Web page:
Pains Of Cocoa Farmers

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Cocoa farmers raise concerns over challenges affecting cocoa farming in Nigeria 

From the meaning derived from its botanical name, theobroma cacao, which means “food of the gods,” to the multi-usage and economic value it commands, cocoa remains a vital food and cash crop. To many Nigerians, especially the people of Idanre, one of the leading cocoa producing towns in Nigeria, cocoa farming is a way of life, and the cocoa business their main source of revenue and means of livelihood. Unfortunately, like in every area of life, cocoa farming in Idanre and, indeed, Nigeria generally is bedevilled by a deluge of constraints.

Before crude oil was discovered in 1958, agriculture was contributing immensely to the gross domestic product. In fact, it was the mainstay of the Nigerian economy. But the leadership’s criminal neglect of the sector has ruined it over the years. In 1970, agriculture contributed 48 per cent to the GDP, but it dropped to 20.6 per cent in 1980 and had fallen to 23.3 per cent by 2005. Crude oil’s contribution to the GDP, on the other hand, rose from 29 per cent in 1980 to 59 per cent in 2005. Hence, the emergence of petroleum has driven the unwavering devotion given to cocoa to the oblivion and eroded Nigeria’s position as Africa’s leader in production of the crop.

Africa produces about 70 per cent of the world’s cocoa. Cote D’Ivoire is the leading cocoa producing nation with 1.3 million tonnes annually, while Ghana is rated second with about 900,000 tonnes. Nigeria produces only about 250,000 tonnes annually. While the number of people who depend on cocoa worldwide for livelihood is estimated at 40-50 million, annual cocoa production is put at 3 million tonnes. The total number of cocoa farmers worldwide is calculated at over 6 million, comprising mostly Africans, Asians, Central Americans and South Americans. Africa is believed to have the greatest number of cocoa farmers but despite this plus, majority of its regular cocoa farmers still wallow in poverty due to poor standard of living, and various economic and environmental problems.

The cocoa farming situation in Idanre presents a strong case study of how the business has sunk and reflects the numerous problems cocoa farmers are experiencing. Idanre, a town believed to be founded over 800 years ago is surrounded by clusters of isolated rocky hills or mountains and located between Akure and Ondo towns in Ondo state. Idanre people are predominantly farmers of cash crops. When it comes to cocoa business, Idanre is a place to reckon with owing to its rich humus soil and rainforest which support cocoa cultivation. Massive cocoa farming brought Idanre to limelight.  From Alade Idanre, a suburb, to the ancient Idanre town, Odode Idanre, the smell of cocoa oozes in the atmosphere. As observed by TheNEWS, virtually every street in the mountainous town is laced with shops selling dry cocoa seeds. The seeds are ubiquitous on the streets, spread on sack to sun-dry.

Cocoa farming in Idanre has become a generational business. It is a daily sight to behold cocoa farming families pack dried cocoa seeds, sort out the good ones, bag and weigh them.  The product is then sold to the government or exporters. A kilo is sold for N300-N350, while a bag of cocoa goes for N20,000. A cocoa pod goes for N50-N100. The purchasing price of a tonne is N300,000-N350,000. Cocoa farmers in Nigeria generally lament that despite the huge prospects in cocoa business, government has been lukewarm in combating the avalanche of problems confronting cocoa production and redeeming its lost glory as the one-time leading cocoa producing nation in Africa.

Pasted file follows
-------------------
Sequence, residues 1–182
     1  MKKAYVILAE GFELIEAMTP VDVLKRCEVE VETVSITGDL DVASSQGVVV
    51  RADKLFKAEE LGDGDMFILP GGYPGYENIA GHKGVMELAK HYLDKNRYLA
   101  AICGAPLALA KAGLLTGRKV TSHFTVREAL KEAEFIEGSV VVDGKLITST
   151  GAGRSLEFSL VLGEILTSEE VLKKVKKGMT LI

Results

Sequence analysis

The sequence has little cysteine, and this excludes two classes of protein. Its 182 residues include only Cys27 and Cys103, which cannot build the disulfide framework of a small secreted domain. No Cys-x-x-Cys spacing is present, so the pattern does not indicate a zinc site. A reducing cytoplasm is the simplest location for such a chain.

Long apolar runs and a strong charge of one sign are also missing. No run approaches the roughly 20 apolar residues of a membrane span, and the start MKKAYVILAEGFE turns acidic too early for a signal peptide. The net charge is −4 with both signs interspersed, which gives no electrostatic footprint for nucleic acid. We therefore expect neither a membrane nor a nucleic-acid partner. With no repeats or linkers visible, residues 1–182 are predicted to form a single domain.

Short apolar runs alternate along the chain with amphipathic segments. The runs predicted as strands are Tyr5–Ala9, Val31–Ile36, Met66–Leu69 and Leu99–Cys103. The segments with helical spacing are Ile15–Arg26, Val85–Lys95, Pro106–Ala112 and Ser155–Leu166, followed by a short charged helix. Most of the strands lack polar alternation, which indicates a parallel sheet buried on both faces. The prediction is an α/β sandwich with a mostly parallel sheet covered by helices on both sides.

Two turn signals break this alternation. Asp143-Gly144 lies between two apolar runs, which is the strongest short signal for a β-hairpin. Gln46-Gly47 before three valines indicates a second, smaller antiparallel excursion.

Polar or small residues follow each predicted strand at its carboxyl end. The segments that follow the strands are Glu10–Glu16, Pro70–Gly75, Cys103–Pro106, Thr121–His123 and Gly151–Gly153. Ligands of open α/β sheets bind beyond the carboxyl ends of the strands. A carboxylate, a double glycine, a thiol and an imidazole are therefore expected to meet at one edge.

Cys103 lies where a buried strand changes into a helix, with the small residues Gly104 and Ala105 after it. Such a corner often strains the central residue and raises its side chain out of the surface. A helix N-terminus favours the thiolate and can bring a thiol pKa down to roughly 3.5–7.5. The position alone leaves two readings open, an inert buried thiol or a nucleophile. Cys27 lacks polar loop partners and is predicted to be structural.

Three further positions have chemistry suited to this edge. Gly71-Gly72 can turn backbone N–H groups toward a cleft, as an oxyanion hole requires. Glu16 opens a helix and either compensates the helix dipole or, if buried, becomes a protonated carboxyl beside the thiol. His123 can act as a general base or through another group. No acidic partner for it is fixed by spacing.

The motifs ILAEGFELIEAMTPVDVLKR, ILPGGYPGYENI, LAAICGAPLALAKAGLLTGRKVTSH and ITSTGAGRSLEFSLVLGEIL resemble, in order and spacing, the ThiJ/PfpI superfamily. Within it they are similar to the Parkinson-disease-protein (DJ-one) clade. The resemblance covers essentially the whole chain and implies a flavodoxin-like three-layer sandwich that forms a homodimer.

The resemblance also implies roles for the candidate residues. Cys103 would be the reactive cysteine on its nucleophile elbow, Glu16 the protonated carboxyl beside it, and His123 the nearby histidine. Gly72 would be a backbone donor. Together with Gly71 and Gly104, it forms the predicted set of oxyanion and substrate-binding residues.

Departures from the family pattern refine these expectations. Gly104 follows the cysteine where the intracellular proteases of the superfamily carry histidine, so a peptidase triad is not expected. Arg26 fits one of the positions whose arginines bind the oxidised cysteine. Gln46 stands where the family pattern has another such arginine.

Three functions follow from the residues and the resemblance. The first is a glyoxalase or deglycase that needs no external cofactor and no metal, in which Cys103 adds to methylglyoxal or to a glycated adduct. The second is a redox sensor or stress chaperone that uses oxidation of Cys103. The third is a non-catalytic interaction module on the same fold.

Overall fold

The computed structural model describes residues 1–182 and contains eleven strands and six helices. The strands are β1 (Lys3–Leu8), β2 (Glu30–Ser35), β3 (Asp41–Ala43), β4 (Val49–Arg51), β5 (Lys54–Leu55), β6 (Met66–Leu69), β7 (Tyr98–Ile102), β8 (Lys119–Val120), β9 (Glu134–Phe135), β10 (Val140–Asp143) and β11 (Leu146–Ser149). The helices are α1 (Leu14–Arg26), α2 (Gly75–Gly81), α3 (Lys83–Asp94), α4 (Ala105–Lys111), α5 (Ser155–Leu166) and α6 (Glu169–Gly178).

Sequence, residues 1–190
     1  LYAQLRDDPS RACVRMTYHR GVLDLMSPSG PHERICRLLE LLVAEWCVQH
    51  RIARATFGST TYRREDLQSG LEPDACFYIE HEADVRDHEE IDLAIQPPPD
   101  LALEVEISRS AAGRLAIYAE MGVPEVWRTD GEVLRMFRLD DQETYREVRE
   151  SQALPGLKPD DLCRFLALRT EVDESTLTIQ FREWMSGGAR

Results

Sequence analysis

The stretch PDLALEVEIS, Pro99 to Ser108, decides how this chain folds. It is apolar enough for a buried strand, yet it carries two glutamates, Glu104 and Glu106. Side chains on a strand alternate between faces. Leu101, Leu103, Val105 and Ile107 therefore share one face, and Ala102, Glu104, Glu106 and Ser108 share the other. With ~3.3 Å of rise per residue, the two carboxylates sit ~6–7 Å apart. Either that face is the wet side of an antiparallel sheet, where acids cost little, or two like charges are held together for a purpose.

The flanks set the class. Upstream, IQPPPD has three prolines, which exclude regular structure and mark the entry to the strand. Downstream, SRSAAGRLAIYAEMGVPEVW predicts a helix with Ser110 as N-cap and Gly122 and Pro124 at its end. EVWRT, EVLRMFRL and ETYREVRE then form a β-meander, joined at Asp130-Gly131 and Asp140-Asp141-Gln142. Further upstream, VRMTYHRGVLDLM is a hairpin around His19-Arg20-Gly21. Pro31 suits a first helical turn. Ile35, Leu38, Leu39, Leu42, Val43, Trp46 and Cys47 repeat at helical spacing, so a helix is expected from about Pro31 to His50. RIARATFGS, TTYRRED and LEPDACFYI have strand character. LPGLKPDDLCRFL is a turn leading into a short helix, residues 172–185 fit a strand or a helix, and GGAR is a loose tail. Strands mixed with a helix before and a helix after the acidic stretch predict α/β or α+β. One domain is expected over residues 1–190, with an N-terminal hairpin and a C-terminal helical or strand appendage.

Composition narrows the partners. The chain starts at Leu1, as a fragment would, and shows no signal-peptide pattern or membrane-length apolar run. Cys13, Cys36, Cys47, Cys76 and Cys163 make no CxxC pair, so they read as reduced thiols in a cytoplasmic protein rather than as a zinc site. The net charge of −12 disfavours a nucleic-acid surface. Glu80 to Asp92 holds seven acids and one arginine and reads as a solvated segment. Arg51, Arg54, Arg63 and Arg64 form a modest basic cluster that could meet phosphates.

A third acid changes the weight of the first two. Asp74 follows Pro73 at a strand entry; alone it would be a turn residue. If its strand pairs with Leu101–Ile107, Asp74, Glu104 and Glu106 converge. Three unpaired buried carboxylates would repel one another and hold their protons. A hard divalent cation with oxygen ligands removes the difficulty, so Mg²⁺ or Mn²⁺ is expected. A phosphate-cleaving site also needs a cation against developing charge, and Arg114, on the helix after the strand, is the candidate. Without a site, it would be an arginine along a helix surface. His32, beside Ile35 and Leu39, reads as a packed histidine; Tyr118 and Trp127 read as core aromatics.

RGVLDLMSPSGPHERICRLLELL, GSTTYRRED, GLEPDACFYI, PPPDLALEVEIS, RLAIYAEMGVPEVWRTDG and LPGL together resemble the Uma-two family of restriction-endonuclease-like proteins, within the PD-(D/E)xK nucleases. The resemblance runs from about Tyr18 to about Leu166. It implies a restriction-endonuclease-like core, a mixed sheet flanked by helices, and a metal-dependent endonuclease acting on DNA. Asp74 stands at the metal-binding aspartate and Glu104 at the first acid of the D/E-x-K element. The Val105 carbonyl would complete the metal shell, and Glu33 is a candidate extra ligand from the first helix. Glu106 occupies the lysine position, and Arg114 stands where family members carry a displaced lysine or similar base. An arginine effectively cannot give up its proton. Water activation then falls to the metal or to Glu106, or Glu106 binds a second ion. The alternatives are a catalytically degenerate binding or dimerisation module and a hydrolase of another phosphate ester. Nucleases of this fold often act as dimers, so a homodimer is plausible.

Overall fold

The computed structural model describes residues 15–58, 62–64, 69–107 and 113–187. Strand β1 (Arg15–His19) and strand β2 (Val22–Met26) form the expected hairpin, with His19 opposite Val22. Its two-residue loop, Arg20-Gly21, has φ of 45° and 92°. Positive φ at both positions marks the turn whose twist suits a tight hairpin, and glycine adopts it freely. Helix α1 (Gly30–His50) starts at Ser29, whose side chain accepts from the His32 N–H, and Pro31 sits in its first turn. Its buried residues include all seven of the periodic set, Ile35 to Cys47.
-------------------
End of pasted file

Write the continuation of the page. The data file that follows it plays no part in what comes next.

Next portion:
To Joshua Olawale Oyedele, National Vice President, Cocoa Farmers Association of Nigeria, and Chairman of the Ondo State chapter, the decline in cocoa production and business can be traced to the oil boom of the 1970s when government shifted attention from cocoa production to the cheap billions of dollars earned from oil production. Since then, federal government’s interest in cocoa production has terribly waned. As a result, cocoa farming is largely left to small-scale farmers, especially in the rural areas. Chief Rufus Orosundafosi, one of the renowned cocoa farmers in Idanre and Chief Executive, Folaforsale Nigeria Limited, Idanre asserted that finance is the major problem of the business. Orosundafosi, who has been a cocoa farmer for 46 years, said farmers of the crop, especially the ones in the rural areas have not been fortunate to enjoy financial aid or loans, and would do well with government assistance “Cocoa farmers, especially the ones in the rural areas have been seriously marginalised and neglected. Majority of the farmers and the lands being used for cultivation are also old. Cocoa money is a seasonal thing. Sometimes, we, the big players, are forced to lend money to the small farmers when things become so hard for them, in order to sustain productivity,” he said.

This magazine observed in Idanre that most of the regular cocoa farmers are peasant farmers who delve into farming mainly to sustain their families. Majority of them are in their middle age – in their 40s and 50s. There is the fear that cocoa farming in the town may soon peter out as many of the young men engaged in it are increasingly taking to the commercial motorcycle venture or gunning for menial jobs in the cities. The young people still staying on the farms were found to be predominantly teenagers who are compelled by their parents control to do so. Joseph Oloruntoba, an indigenous cocoa farmer warned that if nothing was done to address the increasing youth lethargy in cocoa farming, cocoa productivity might experience a decline, or even total erosion.